Our Work


In recent decades, digital transformation has fundamentally altered how humans interact, how companies conduct business, and how governments work. More recently, data-driven applications and algorithmic processes have created unprecedented opportunities for citizens, companies and governments around the world, pertaining to the fields of automated data processing and automated decision-making procedures. These applications have great potential to increase innovation and productivity, and to further the welfare of individuals and societies.

However, as with many technological advances, such data-driven applications and algorithmic processes also present potential risks. Despite the best intentions, they have the capacity to cause unintentional harm and may affect human rights, individual autonomy, competitive market order, financial stability, democratic processes, and national sovereignty. In addition, they can increase inequality and shift control away from humans to algorithms. The deep transformation of our societies triggered by these applications has the potential to undermine trust between citizens, companies, and governments.

Thus, building trust in digital infrastructure and strengthen responsibility for individuals and organisations will be the foundation for societal innovation in the next decade of digital transformation.

Trendmap of the Digital Economy and Society developed by W.I.R.E

In a trend map developed for SDI, the independent think tank W.I.R.E. identified strategic areas of action for decision-makers to foster trust and responsibility. In the next decade, we will face more individual empowerment, increased convenience, new communities, and higher security, but we also have to prepare for data-driven intransparencies, algorithmic discrimination, loss of control, and the erosion of privacy. Based on these findings, SDI aims to explore new projects and measures in the future.

Swiss Digital Trust Label

The Swiss Digital Trust Label is the Swiss Digital Initiative’s first project.

Consumers often don’t trust digital servicess. Concerns range from data security, mismanagement and manipulation. The Swiss Digital Trust Label aims to give digital service users guidance and transparency on the quality of the digital service. The Label will be a milestone in the development of good practices for trustworthy digital services. For companies and public institutions, the label will demonstrate that they act as responsible actors in the digital space.

The Label is a controllable and auditable list of guarantees which a service will provide. It is built on four critical issues for trust in the digital space:

Security of the Service
Reliability of the service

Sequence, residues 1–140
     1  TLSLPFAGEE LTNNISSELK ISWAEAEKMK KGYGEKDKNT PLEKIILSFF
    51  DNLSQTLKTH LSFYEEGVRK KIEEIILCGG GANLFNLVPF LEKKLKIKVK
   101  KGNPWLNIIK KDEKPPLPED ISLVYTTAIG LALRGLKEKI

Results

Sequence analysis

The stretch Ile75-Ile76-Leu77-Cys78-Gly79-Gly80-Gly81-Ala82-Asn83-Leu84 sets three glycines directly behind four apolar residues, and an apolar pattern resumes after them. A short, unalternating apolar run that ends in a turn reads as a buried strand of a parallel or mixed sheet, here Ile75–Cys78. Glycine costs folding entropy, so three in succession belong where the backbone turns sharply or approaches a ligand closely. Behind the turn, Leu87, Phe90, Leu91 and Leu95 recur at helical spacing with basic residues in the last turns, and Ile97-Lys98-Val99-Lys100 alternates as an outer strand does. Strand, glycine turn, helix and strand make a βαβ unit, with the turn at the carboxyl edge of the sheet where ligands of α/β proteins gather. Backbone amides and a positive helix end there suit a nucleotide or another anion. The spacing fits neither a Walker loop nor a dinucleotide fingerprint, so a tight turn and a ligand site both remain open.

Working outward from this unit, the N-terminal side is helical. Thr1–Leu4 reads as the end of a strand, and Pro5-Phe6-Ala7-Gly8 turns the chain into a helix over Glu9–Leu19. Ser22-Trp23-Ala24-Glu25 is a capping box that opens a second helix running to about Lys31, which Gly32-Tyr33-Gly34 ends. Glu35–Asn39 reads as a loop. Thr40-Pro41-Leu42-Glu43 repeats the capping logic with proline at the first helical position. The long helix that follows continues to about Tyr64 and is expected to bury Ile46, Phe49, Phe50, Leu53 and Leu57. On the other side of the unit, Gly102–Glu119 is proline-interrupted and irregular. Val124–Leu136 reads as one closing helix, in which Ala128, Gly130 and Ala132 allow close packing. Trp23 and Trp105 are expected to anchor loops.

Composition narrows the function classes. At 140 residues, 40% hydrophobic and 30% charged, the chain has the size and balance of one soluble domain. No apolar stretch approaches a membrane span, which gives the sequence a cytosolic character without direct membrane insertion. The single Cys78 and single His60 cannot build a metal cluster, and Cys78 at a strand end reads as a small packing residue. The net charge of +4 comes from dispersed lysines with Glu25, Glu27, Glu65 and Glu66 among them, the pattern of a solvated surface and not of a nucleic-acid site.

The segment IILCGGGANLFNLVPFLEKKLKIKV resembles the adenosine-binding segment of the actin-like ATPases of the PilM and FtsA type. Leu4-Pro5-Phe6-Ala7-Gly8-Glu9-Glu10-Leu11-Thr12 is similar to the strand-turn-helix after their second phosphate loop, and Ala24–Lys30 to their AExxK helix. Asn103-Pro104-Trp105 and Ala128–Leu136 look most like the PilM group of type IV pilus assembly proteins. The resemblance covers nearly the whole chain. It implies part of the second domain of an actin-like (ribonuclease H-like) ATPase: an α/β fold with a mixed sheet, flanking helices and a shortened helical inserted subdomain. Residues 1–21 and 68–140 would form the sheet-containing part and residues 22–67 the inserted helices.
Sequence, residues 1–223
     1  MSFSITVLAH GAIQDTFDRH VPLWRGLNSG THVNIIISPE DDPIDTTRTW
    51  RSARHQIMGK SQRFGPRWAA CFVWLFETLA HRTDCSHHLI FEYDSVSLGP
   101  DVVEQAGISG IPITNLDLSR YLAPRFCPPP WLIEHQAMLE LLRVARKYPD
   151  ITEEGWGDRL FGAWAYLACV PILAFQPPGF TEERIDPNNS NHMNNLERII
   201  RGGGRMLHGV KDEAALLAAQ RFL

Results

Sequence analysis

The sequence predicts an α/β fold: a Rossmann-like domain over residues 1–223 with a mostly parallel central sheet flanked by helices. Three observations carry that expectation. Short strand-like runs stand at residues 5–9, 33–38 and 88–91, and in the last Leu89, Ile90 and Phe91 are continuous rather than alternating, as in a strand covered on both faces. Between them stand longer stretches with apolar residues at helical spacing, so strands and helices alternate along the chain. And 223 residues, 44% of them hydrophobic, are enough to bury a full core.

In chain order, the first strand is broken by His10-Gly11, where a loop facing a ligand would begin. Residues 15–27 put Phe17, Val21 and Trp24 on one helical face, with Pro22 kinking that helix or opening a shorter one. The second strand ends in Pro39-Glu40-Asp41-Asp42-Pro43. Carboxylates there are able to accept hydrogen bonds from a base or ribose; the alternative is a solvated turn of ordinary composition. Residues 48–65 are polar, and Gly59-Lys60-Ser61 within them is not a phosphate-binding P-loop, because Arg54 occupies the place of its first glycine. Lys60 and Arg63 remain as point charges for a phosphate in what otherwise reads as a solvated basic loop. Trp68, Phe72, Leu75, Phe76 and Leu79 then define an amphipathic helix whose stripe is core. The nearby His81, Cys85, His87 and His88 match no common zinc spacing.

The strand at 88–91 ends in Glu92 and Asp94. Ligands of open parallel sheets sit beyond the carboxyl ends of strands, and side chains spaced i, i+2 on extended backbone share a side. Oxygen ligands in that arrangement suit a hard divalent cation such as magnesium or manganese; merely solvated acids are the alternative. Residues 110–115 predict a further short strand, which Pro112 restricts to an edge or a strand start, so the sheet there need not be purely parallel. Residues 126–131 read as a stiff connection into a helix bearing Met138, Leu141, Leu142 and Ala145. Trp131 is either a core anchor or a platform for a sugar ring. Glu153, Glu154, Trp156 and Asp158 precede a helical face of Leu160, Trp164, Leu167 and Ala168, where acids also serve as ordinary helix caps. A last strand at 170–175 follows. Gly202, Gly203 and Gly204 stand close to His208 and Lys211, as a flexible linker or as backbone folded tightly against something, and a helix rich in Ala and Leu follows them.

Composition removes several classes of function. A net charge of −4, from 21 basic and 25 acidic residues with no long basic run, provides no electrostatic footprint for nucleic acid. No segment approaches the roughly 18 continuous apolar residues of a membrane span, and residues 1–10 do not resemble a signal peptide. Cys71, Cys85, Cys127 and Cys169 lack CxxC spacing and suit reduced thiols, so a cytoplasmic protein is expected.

Fair data management
Responsible interactions with the users

Service provider who commit to the Label will be audited by a third-party to assess the service’s trust level.

The first draft of the Label’s content was developed by a group of experts from EPFL, ETHZ, the University of Geneva and Zurich. By analyzing existing standards and certifications, the expert group gathered a set of 120 technical, legal, organizational, and design criteria which, taken together, represent the basis of a trustworthy digital service. This version of the Label catalogue is being further developed on the basis of:

  1. Mock audits with our Test Partners,
  2. 100 national and international organizations, most of which are part of civil society, have been contacted to challenge and give feedback on the Label catalogue,
  3. Work and recommendations by a Label Expert Committee. The Committee’s work is coordinated by the EPFL Center for Digital Trust (C4DT). The members of the Committee are:
  • Yaniv Benhamou, Attorney-at-Law, Lecturer (Intellectual property and privacy), University of Geneva
  • Prof. Dr. Abraham Bernstein, Departement of Informatics, Director Digital Society Initiative, University of Zurich
  • Nikki Böhler, Managing Director, OpenData.ch
  • Francesca Bosco, Senior Advisor, Cyber Capacity and Foresight, CyberPeace Institute
  • Stéphanie Borg Psaila, Digital Policy Director, DiploFoundation
  • Christophe Hauert, Lecturer University of Lausanne, Co-Founder Cybersafe Label
  • Prof. Dr. Jean-Pierre Hubaux, Full Professor Laboratory for Data Security, EPFL
  • Carla Hustedt, Senior Project Manager, Bertelsmann Foundation
  • Dr. Patrick Schaller, Senior Scientist, System Security Group, ETH
  • Florian Schütz, Federal Cyber Security Delegate
  • Jean-Christophe Schwaab, Fédération Romande des Consommateurs
  • Martin Steiger, Attorney and entrepreneur for law in the digital space, founder of Steiger Legal

The design and first feedback phase with the test partners will be followed by a public consultation process. Expected full scale deployment of the Label is planned for 2021.

Trust from the Costumer’s Perspective

To understand trust from a user’s perspective, SDI conducted a consumer study with a professional research institute on “Trust in the digital space” and the perception of a Digital Trust Label. The main findings can be found here.

Why a Digital Trust Label?

  • The label takes the perspective of the consumers and adopts their view on what trust requires.
  • Because it takes the consumers’ perspective, it is applicable across industries and technologies.
  • The label is the combination of ethical principles and technical specifications. It is ethics in action.
  • The label can be measured, audited, controlled.
  • The development of the label is an inclusive process and includes experts from the academia, business and civil society at national and international levels.
  • The label could be a milestone in the development of global good practices.